A group of former Twitter employees announced legal action against Elon Musk on Monday after the company's new CEO fired half of the company's workforce last month.
Helen Sage-Lee, Adrian Trejo Nunez and Amir Shevat, all former Twitter employees, say Musk is reluctant to give them the same severance benefits as those who left early.
“I'm here today because Twitter has been trying to maneuver so that we don't owe all of us the full severance that we were promised prior to the acquisition,” Sage-Lee said.
Thank you @FOXLA for covering our press conference today on behalf of the group of laid off Twitter workers I represent!— Lisa Bloom (@LisaBloom) December 5, 2022
So proud of this brave team for speaking out. We are now filing the cases. Let THAT sink in.https://t.co/HBF9Gmobd8
He said that unlike many of his coworkers who left after learning Musk was taking over the company, Sage-Lee stuck around when Musk took over as CEO hoping things would work out.
“We received information that the severance package we expected to receive in the weeks from the company would be much less than what we were initially promised before the acquisition”, said Sage-Lee.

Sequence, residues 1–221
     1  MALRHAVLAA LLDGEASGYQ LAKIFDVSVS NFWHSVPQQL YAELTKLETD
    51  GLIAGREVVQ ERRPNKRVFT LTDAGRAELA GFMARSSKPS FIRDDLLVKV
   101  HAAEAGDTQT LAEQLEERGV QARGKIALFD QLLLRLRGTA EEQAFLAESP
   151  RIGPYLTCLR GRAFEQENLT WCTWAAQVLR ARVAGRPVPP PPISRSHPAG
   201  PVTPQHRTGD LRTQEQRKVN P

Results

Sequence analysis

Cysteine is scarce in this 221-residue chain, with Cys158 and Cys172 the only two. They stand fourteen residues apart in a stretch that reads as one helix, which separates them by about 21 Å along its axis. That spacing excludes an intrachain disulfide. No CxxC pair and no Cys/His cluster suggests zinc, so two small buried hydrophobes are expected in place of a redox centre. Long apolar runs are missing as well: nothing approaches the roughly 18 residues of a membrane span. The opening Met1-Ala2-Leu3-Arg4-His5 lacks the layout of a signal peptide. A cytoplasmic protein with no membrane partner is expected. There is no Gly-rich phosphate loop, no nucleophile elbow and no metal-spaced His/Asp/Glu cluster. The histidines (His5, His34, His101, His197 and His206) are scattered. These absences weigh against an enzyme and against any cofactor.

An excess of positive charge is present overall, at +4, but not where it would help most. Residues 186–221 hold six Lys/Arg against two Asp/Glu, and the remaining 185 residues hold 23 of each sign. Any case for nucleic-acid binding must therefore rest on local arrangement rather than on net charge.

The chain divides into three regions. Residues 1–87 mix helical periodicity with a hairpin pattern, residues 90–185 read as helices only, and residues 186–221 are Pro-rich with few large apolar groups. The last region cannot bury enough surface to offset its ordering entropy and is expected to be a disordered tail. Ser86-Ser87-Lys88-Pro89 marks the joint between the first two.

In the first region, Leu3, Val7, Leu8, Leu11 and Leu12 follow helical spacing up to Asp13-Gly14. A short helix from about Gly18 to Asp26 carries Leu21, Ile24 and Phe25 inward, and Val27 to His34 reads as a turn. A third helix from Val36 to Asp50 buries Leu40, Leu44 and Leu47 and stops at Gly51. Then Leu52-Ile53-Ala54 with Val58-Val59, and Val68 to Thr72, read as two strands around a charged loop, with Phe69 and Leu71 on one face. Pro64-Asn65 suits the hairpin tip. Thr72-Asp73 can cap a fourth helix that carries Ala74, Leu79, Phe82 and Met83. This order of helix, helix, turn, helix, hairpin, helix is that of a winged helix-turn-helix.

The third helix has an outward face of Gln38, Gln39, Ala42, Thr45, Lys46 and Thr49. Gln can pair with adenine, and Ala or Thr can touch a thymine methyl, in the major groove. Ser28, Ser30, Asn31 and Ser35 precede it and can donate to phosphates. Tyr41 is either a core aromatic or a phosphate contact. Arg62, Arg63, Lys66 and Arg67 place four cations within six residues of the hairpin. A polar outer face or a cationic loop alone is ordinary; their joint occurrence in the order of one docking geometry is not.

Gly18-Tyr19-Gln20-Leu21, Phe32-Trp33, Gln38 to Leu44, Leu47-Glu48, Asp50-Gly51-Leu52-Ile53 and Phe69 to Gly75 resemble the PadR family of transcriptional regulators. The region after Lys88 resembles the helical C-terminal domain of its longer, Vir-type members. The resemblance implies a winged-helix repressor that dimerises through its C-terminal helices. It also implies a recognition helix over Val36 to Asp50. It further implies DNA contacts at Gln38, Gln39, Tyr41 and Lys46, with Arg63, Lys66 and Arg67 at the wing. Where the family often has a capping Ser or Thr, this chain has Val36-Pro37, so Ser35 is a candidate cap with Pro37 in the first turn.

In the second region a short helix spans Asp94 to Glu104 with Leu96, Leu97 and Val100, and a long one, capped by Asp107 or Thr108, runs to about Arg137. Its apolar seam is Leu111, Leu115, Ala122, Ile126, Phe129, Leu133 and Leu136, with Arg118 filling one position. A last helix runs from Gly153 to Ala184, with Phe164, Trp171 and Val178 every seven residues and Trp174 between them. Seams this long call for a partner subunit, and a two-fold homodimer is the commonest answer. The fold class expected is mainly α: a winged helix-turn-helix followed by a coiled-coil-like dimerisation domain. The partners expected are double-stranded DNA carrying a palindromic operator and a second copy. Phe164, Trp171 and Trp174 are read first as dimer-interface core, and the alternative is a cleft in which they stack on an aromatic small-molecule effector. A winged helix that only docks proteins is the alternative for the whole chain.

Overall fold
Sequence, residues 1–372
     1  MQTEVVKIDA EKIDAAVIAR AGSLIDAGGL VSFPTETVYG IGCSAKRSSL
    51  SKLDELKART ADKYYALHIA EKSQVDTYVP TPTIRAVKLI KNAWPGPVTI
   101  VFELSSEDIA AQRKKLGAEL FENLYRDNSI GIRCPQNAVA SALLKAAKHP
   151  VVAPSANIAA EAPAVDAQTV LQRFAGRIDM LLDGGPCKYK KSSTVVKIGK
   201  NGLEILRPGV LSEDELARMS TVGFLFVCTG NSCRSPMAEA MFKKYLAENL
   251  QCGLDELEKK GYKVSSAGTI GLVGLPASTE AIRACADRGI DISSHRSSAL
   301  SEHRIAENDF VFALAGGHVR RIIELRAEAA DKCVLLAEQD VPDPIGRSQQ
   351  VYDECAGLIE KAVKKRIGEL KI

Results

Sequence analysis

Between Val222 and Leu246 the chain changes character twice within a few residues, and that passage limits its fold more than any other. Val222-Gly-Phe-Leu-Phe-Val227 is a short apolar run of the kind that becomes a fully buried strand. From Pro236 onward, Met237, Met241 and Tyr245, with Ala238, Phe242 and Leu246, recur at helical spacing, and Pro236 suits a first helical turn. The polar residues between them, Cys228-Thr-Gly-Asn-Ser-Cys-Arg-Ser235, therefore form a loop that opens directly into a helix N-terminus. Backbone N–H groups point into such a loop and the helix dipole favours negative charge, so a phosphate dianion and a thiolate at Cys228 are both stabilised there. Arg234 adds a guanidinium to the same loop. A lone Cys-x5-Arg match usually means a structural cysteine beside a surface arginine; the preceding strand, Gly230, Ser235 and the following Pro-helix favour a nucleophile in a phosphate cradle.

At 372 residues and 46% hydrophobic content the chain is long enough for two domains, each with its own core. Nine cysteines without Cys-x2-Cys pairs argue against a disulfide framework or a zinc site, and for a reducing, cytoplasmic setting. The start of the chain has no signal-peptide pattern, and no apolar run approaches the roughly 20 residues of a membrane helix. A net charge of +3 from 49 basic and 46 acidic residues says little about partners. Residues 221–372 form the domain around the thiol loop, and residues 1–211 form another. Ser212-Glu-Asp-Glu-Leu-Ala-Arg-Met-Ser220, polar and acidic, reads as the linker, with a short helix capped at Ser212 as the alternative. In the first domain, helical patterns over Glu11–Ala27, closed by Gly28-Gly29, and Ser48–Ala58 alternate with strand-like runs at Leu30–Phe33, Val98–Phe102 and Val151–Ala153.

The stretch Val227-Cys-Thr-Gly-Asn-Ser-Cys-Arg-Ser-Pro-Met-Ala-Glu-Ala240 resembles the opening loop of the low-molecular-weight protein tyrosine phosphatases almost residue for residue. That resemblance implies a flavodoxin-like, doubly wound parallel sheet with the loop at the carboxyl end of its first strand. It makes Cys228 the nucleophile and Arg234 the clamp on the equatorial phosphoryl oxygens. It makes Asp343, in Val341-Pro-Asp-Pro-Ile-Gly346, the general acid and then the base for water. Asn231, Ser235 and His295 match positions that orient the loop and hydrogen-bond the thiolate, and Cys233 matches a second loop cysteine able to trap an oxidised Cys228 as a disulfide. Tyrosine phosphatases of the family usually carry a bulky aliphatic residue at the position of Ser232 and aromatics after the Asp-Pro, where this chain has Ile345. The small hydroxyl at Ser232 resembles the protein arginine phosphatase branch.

In early November, Musk laid off thousands of employees in departments across the company. The cuts were widespread: sales, marketing, engineering, and even the artificial intelligence group that works to make Twitter's algorithms more transparent and fair.
“Before Elon, Twitter promised workers who stayed behind during the upheaval that they would receive the same severance benefits that workers received before Elon. After he came in, he violated that,” said Bloom, who said his firm will continue to bring these cases.
In his first company-wide email, Musk explained the massive cuts, saying it's an effort to “put Twitter on a healthy path.”
“The way Elon Musk executed the layoffs was really inhumane,” said Shevat, who was the Head of Product – Twitter Developer Platform.
Twitter had about 7,500 workers before the Musk acquisition, meaning about 3,700 employees were laid off. The cuts came as Musk tried to improve the company's bottom line after securing significant debt financing to fund his $44 billion acquisition.